The sailors' institute of Porthmadog

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There was a time when almost every seaside or maritime town in Britain could boast a sailors' institute.

Just as in the mining ares of Wales, there was always a “'stute” - an institute where miners and their families could gather to read, be educated and enjoy some social interaction – in the coastal regions of the country there were many similar establishments.

Rare survivors

These days you will look long and hard to find anything like a sailors' institute. There is one in Barmouth, a rare survivor of what was once a common enough establishment, but one of the most famous lay just down the coast in the little town of Porthmadog.

These days Porthmadog is renowned mainly for its narrow gauge railway but in the early 19th century the town was a thriving port with sailors coming and going, working the big schooners around the coast and across the Atlantic. Sometimes these men could be gone for months, even years at a time and it was essential that their families should be cared for and looked after in their absence.

A warm welcome, solace and acceptance

The sailors' institutes were originally established to provide exactly that. They were places that offered a warm welcome, solace and acceptance for the families of all sailors – and, when they were home from the sea, for the sailors themselves.

They were meeting places that provided sailors and their dependents with the opportunity for leisure and relaxation – billiards, snooker, dominoes and draughts. But more than that, in the institutes the families of sailors could chart and follow the progress of their menfolk around the world. And the Porthmadog establishment was no different from any of the others.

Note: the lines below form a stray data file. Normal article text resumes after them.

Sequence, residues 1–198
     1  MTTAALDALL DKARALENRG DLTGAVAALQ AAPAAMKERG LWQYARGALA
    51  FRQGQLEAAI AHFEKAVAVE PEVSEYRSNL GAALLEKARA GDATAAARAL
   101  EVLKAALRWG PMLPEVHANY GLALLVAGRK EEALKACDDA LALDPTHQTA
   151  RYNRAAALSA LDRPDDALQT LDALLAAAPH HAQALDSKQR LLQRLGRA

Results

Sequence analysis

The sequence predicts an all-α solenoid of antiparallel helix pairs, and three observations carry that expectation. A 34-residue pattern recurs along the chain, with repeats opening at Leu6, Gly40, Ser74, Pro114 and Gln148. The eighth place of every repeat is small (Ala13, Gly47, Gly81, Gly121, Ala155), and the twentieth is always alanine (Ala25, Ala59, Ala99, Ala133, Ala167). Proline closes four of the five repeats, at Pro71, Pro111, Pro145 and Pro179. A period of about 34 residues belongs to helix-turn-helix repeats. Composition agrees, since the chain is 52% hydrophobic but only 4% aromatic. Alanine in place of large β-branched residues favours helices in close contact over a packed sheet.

Keeping up to date with the maritime world

In the institute they could read papers – or have them read to them if they weren't able to read – and consult publications such as Lloyd's List and the Shipping Gazette that gave them an idea of what was going on in the maritime world. This really did enable the wives and mothers of those far away to feel that they had contact with their loved ones.

The sailors' institute in Porthmadog opened in 1907, in itself an unusual occurrence as most similar establishments began life in the 19th century. The Porthmadog institute came about at the instigation of deacons from a local chapel, a volunteer from the chapel agreeing to run the establishment, helped only by her young daughter.

They received no wages but were given accommodation in the institute as a recompense. In hindsight, as running the institute was really a full time job, often for 24 hours a day, it hardly seems an adequate payment. But in the early days of the 20th century it was considered an appropriate arrangement by all parties.

Temperance homes

The institute was located in a part of the harbour known as Pen Cei and was set in the midst of sailors' public houses, shipping offices and the wharfs themselves. Dame Agnes Weston – Aggie Weston as she was universally known as a result of her founding a whole series of “temperance” homes for sailors across Britain – came to officially open the institute, planting a tree outside the small but impressive building.

The doors of the Porthmadog institute were always open and there was a warm welcome for any sailor, regardless of his nationality.

There was a charge of one shilling to use the facilities but on many occasions sailors or their families who could not afford the fee were quietly admitted anyway. Here sailors would find a reading room, a parlour, even a music room – where the statutory religious services were held.

In those days Porthmadog harbour was always full of ships and so the institute was never short of customers. There was even some ship building when the launches were always accompanied by much celebration and great joy.

Sadly, in the years after World War One, Porthmadog's shipping industry went into permanent decline. Like so many other sailors' institutes across Britain, the Porthmadog establishment was finally forced to close its doors.

These days there are probably no more than a handful of people who remember the old place – but it lives on in the history of the town and as a part of Wales' unique maritime history.

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